by Sarah Carson—
When I made the move from Chicago to Michigan, I knew there were many things I’d miss—my friends, of course, and my second family at Grace Lutheran Church in Evanston, Illinois. I knew I’d also miss my Saturday walks to the lakefront, and being able to hop on my bike and get anywhere I needed to go.
What I often miss most, though, is the food from local restaurants—crab Rangoon, fish tacos, mandoo dumplings and western burgers. More than meals, these dishes offered sustenance and ritual. Even now, after a long day of work, or a particularly tough challenge, it’s hard not to look back with a tinge of sadness and think, If only I could have [insert comfort food here].
Life was better back then, I’m sometimes tempted to think.
“Why does the past always look so pretty?” Susan K. Olson asks (p. 16). As the COVID-19 pandemic has kept her and her daughter at home, they’ve been watching “The Dick Van Dyke Show.” “When I look at the tidiness of the Petries, it’s a life I view with a mixture of nostalgia and regret,” she says.
Isn’t looking backward always like that? Oh, what I wish I hadn’t left behind, we say to ourselves. What I wish I’d done differently. What I wish I could get back.
“Nostalgia can tempt us to remember the past selectively—to create a vision in our minds of ‘good old days’ that never truly existed and that the present can never live up to,” Bible study author Meghan Johnston Aelabouni writes about Holy Time, the theme of Gather’s fall study (p. 20). “Or we may discover that our memories stand in contrast to those of our neighbors. The same times we remember with fondness might have carried pain for others, or vice-versa, because of the different circumstances we faced.”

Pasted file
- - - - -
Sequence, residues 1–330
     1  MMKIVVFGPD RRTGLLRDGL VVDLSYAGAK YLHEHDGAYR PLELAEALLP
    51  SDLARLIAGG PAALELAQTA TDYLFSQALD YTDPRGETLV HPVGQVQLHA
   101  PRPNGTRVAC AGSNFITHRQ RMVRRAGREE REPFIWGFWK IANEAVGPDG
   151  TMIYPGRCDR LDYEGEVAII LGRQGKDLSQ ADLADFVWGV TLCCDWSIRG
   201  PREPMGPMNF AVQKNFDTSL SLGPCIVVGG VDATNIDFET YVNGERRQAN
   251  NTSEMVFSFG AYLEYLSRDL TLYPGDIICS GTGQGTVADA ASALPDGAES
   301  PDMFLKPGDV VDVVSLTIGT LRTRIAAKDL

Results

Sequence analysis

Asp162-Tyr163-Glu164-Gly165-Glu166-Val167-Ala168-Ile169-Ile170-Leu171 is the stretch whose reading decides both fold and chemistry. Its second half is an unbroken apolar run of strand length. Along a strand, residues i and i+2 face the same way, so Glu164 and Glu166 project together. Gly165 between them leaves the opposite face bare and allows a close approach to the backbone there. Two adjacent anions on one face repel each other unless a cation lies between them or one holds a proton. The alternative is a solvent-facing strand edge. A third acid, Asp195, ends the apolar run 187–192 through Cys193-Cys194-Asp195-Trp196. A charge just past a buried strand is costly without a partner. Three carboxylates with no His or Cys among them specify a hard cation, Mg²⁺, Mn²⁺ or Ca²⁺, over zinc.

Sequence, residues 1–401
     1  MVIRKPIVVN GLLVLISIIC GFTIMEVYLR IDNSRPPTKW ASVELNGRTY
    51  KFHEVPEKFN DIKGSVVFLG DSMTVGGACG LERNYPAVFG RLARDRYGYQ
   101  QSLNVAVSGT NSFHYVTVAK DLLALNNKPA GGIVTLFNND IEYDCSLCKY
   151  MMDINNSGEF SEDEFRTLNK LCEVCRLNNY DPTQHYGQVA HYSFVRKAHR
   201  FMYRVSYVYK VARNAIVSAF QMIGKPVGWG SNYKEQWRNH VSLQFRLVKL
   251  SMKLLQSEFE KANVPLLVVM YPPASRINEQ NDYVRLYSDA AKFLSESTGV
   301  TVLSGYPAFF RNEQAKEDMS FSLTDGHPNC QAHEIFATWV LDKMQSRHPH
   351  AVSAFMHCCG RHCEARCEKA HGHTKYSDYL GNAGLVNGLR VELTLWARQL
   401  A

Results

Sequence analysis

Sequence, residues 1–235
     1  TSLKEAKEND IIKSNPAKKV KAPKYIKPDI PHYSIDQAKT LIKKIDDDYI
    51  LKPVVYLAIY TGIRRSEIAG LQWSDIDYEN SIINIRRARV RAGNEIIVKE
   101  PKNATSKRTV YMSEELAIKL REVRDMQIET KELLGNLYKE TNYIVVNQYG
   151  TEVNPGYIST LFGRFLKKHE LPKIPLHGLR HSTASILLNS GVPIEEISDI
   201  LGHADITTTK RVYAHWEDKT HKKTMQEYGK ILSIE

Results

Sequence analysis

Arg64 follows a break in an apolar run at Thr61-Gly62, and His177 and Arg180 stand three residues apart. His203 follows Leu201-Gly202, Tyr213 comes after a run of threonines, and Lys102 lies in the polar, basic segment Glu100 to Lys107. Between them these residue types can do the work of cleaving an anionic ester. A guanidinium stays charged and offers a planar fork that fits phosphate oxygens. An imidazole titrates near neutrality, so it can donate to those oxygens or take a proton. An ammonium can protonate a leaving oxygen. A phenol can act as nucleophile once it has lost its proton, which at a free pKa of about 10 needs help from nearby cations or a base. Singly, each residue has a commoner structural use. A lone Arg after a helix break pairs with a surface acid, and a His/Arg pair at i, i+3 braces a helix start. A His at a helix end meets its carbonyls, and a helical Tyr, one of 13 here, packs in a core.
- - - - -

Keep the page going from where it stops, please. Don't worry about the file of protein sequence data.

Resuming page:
Is looking back and remembering a bad thing? Not necessarily. But how we remember—and why— are perhaps more important than what. I remember those meals not only because of the people with whom I shared them, and the adventure, curiosity and oodles of free time I had to try new things.
“Rituals keep us grounded and centered,” Jordan Miller-Stubbendick writes (p. 6). “But they do need a quality of attention, and an openness to the sacred.” There’s a difference, she asserts, between doing the same thing over and over and doing something with meaning and intention.
Do I lament the loss of late nights spent sharing sundaes with my friends? Or do I thank God for those experiences, and a lifetime of always having something on my plate? Can I use my memories to remind me that I am called to ensure my neighbor has enough to eat, as well?
“I believe worship is a form of memory…an acknowledgement of everything that has come before, and a statement of faith in everything that will come after,” Abigail Accettura writes (p. 10). “But the reverse is also true: Memory is a form of worship.”
Who or what are we worshipping with our memories? Can we remember to reimagine? I hope this issue reminds you—as it has reminded me— that in gratitude for what we’ve been given, we can look forward to what we, too, can give.
Sarah Carson is managing editor of Gather.